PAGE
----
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SMEs to get more advisory help to innovate and grow

SMEs to get more advisory help to innovate and grow

A woman wearing a protective face mask passes the skyline of Singapore's business district amid the COVID-19 outbreak, May 27, 2020. (Photo: Reuters/Edgar Su)

SINGAPORE: More help is underway for small and medium-sized enterprises (SMEs) to innovate and transform, as part of the Government’s ongoing efforts to ensure local firms can emerge stronger from the COVID-19 crisis.

The Innovation Advisors Programme (IAP), for instance, will be expanded to cover new sectors such as manufacturing and logistics, said the Ministry of Trade and Industry (MTI) on Tuesday (Mar 2).

The initiative, first launched in 2019 as the Innovation Agents Programme, connects firms with industry experts who can advise them on how to innovate and grow. This is not the first time the IAP is expanded, having had aerospace and infocomm technology sectors added to its list previously after an initial focus on food manufacturing and medical technology.

By December last year, 17 advisers have been appointed to advise companies on 17 projects.

Speaking at MTI’s Committee of Supply debate, Second Minister for Trade and Industry Tan See Leng said the Government wants to do more to help SMEs with innovation and the commercialisation of research and development. One critical aspect is providing them with the “know-how”.

“Our Innovation Advisors Programme facilitates the ‘know-how’ by appointing experts from various fields to SMEs to impart relevant advice and networks,” he said, adding that other ongoing initiatives such as the Technology for Enterprise Capability Upgrading programme will enable smaller companies to access research talent.

READ: Budget 2021: S$24 billion to transform businesses and workers over next three years

Specialised advisory services will also be piloted at SME Centres to support firms in the areas of digitalisation and financing, announced Minister of State for Trade and Industry Low Yen Ling.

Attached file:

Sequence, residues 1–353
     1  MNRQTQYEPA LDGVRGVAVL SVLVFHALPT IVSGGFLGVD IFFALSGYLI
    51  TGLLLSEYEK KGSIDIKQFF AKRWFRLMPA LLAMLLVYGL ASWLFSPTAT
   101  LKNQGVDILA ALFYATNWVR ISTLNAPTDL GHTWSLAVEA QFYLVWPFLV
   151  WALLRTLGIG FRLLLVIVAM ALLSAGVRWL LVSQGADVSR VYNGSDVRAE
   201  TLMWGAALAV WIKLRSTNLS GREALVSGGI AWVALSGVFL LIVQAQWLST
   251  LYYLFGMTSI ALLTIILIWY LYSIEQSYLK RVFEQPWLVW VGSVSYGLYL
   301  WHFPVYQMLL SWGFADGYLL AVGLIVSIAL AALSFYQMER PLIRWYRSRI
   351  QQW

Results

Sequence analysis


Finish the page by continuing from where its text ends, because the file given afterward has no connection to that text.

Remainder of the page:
“For example, when an SME wishes to expand but lacks the funds, the SME Centre’s specialist adviser will help to assess the company’s financial health, and recommend the appropriate financing model and available financing instruments,” she said in Parliament.

“The adviser then guides the business owner on how to strengthen his or her loan applications and links the SME up with relevant banks for the application.”

In a separate factsheet, MTI said enterprises can book their appointments with specialist advisers in the area of financing from Mar 1 this year. Details on access to digitalisation advisers will be released by the fourth quarter.

There are 11 of such SME Centres, which assisted more than 32,000 SMEs last year. The new services are expected to benefit more SMEs, said Ms Low.

“We want to help SMEs to build up their capabilities and workforce, so they can raise their productivity and scale up their business,” she added.


SMEs have been given S$21 billion in grants over the last five years, compared with the S$13 billion granted to multinational corporations (MNCs), said Minister of Trade and Industry Chan Chun Sing in a speech during the same debate.

He was responding to a question from MP Leon Perera (WP-Aljunied) about the grants given to MNCs and SMEs. Mr Perera also suggested having a “conditional incentive” for MNCs to work with their smaller counterparts.

The minister said looking only at relative grant amounts versus returns and value-adds would be over-simplifying the situation.

This is because the relationship between MNCs and local firms is often symbiotic, as MNCs that do well are more likely to work with local companies.